Anti-Cardiolipin Ab, IgM (RDL)

Serum
Optimal Result: 0 - 13 MPL U/mL.

Anti-Cardiolipin antibodies (aCL) of the IgM class are autoantibodies directed against cardiolipin, a specific phospholipid in cell membranes. These antibodies are clinically significant, especially in the context of antiphospholipid syndrome (APS), an autoimmune disorder characterized by an increased tendency for blood clot formation (thrombosis) and complications in pregnancy. The IgM class of aCL is one of the key markers tested for the diagnosis of APS. Elevated levels of IgM anti-cardiolipin antibodies can indicate an increased risk of both arterial and venous thromboses, such as deep vein thrombosis, pulmonary embolism, stroke, and heart attack. In pregnant women, high levels of these antibodies are associated with an increased risk of complications including recurrent miscarriages, preeclampsia, and placental insufficiency. The "RDL" likely refers to a specific laboratory or testing method for these antibodies. Detection is typically conducted through immunoassay techniques like ELISA. It's important to note that while elevated IgM anti-cardiolipin antibodies are significant in diagnosing APS, they are not the sole criterion. APS diagnosis requires a combination of clinical symptoms and laboratory findings. Additionally, these antibodies can be transiently elevated in certain infections or as a result of medication, thus their presence needs to be interpreted in the broader clinical context.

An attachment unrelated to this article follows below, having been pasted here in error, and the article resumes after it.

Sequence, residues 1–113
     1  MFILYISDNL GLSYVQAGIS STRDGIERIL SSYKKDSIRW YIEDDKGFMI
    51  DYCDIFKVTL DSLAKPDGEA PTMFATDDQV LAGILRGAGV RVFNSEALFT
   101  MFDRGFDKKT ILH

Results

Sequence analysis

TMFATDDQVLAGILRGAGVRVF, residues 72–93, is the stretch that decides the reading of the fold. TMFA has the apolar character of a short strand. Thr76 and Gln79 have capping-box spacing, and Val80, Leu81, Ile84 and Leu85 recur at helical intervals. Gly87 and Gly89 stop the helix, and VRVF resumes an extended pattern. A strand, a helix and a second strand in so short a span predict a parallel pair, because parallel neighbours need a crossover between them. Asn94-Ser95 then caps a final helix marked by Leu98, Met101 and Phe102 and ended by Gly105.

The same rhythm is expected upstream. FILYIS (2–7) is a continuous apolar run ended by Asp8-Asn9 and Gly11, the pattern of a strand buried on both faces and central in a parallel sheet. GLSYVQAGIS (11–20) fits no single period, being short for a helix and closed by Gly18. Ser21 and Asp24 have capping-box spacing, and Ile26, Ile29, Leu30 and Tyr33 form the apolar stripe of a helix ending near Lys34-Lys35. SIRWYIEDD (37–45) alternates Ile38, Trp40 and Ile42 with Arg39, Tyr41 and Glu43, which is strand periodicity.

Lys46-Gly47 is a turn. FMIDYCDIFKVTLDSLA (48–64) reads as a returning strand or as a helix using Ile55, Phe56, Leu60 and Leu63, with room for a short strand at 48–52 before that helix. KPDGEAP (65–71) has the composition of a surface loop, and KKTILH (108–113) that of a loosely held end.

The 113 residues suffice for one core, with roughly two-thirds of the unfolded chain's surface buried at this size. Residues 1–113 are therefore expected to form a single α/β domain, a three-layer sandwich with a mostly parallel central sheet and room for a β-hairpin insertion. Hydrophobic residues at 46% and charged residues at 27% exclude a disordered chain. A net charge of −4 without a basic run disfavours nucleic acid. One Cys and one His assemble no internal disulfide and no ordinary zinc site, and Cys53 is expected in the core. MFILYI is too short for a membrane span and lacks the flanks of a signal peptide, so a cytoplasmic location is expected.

What does it mean if your Anti-Cardiolipin Ab, IgM (RDL) result is too high?

Elevated levels of IgM class Anti-Cardiolipin antibodies (aCL) are significant in diagnosing antiphospholipid syndrome (APS), an autoimmune disorder associated with an increased risk of blood clots and pregnancy complications. High levels of these antibodies indicate a heightened risk of thrombotic events like deep vein thrombosis, pulmonary embolism, strokes, and heart attacks. In pregnant women, they are linked to a higher risk of recurrent miscarriages and preeclampsia. However, the diagnosis of APS should not be based solely on these elevated levels; a comprehensive clinical assessment and other laboratory tests are essential. It's also important to note that these antibodies can be transiently elevated due to conditions like infections or certain medications, making careful interpretation of the test results crucial.

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